SANTA FE — Gov. Susana Martinez’s administration proposes to reimpose and broaden work-related requirements on low-income New Mexicans to qualify for food stamps.
Starting in October, the state plans to restore a 20-hour-a-week work requirement for an estimated 26,600 childless adults to get food stamps. The mandate was suspended in 2009 because of the national recession. On-the-job training and community service also can help meet the work mandate.
The administration also proposes to implement a new requirement for low-income parents and other caregivers of children age 6 and older. Adults would have to search for a job or participate in community service to obtain the food assistance.
Food stamp-eligible parents or other household members caring for a child — regardless of the child’s age — have been exempt from job search requirements. Pregnant women and some others, including those who are considered physically or mentally unable to work, will continue to be exempt.
About 420,000 New Mexicans receive food stamps averaging $265 a month. Children represent about 46 percent of those receiving assistance.
The Human Services Department says it’s uncertain how many people would be affected by the proposed job search changes.
But social services advocates worry the work requirements will knock poor people off of food stamps. They also contend the proposed requirements are a bad idea when New Mexico has been losing jobs recently and the economy remains weak.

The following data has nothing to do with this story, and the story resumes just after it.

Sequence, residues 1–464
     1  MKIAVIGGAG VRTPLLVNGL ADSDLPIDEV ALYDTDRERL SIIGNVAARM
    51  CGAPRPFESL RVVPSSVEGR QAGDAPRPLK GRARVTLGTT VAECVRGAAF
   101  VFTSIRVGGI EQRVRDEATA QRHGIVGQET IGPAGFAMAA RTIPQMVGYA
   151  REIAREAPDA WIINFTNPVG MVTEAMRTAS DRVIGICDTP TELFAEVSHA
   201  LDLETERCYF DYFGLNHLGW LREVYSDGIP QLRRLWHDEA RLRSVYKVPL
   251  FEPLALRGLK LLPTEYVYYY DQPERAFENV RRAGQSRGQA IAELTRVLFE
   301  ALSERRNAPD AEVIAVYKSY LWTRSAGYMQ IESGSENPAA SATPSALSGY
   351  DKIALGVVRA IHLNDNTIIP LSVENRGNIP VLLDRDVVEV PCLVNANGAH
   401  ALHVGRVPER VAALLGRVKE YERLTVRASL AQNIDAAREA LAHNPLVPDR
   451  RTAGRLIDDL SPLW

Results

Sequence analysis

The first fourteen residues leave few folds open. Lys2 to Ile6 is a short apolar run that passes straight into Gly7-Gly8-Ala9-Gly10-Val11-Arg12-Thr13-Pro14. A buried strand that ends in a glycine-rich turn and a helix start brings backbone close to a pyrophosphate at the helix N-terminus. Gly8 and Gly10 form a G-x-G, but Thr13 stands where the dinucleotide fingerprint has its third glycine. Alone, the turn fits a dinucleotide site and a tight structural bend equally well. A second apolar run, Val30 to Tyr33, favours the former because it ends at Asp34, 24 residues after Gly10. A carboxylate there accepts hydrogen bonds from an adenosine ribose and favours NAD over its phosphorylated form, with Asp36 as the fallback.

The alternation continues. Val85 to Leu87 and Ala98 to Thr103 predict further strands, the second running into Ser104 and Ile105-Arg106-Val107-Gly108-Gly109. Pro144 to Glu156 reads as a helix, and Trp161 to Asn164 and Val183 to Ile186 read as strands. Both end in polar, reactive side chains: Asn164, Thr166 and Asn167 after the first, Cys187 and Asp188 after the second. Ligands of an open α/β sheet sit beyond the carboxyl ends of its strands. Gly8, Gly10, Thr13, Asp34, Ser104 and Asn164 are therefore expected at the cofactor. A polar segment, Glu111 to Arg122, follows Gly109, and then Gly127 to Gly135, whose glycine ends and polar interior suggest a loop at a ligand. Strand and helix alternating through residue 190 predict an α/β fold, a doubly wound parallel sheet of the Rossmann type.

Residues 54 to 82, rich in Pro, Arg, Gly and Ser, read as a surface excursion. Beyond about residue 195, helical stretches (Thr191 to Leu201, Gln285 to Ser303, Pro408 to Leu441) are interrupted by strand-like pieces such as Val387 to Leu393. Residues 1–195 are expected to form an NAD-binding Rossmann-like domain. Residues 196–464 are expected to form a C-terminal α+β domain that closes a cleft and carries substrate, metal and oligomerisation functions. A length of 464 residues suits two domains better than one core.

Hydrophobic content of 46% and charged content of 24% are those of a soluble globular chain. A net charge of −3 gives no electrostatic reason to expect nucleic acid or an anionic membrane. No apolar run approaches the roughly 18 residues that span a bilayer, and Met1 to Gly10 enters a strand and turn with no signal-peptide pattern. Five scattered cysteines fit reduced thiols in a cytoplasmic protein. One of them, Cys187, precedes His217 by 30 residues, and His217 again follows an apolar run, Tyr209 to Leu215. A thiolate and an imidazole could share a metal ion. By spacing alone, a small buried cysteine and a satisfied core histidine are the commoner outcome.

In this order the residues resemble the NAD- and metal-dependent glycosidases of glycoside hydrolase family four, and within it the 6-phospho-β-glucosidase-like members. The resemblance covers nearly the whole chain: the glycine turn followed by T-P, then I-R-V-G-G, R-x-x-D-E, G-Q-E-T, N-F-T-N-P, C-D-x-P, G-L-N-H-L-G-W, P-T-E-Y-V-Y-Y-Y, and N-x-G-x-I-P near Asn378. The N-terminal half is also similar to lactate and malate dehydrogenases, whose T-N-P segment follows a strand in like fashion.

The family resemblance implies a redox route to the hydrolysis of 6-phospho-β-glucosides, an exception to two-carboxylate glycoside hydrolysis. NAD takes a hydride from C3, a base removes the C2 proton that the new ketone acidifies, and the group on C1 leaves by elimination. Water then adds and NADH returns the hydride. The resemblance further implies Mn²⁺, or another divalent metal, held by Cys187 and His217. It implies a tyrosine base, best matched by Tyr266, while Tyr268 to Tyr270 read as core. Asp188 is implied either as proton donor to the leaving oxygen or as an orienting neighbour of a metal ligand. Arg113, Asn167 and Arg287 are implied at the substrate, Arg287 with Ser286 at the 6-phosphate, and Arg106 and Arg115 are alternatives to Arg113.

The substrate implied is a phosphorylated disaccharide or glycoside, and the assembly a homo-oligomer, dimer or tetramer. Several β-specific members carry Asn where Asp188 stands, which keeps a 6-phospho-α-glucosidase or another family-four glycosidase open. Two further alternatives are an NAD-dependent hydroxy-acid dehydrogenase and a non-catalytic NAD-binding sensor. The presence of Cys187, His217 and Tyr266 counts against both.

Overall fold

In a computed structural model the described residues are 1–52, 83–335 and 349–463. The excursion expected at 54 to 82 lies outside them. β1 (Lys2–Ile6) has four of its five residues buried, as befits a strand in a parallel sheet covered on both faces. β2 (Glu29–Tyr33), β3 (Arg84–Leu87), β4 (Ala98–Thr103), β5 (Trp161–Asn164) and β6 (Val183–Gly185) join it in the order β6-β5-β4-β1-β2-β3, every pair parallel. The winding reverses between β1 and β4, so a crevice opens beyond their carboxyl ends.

“If we had a glut of jobs in this state it would be one thing to consider making this mandatory, but that’s just not the case,” said Louise Pocock, a lawyer with the New Mexico Center on Law and Poverty.
Human Services spokesman Matt Kennicott said the 2009 waiver of the work requirement “was only temporary and was never intended to stay indefinitely.”
“These are the same broad-based job search requirements that have existed for years in most public assistance programs throughout New Mexico,” said Kennicott.
There are work requirements for people in the state’s welfare program, he said.
The department also proposes to broaden who must search for a job to include 16- and 17-year-olds if they’re not attending school or attending a training program and adults from ages 51 to 59.
The state restored the job search requirement last year for low-income adults ages 18 to 50, but continued to exempt those caring for children. The number of food stamp recipients has dropped by about 20,000 since last summer when the changes were approved, according to the agency’s latest enrollment figures through February.
The job search requirement also was suspended during the recession.
Once the new requirements are implemented, Kennicott said, about 59,000 food stamp recipients potentially will be subject to the job search requirement. That figure includes those were covered by it last year.
The department has scheduled an Aug. 29 hearing in Santa Fe to receive public comment on proposed rule changes.
People qualify for food stamps — what the federal government calls the Supplemental Nutrition Assistance Program — based on their income.
An individual can earn up to about $1,580 a month — just under $19,000 a year — and a family of four is eligible with income of up to $3,239 a month or not quite $38,900 a year.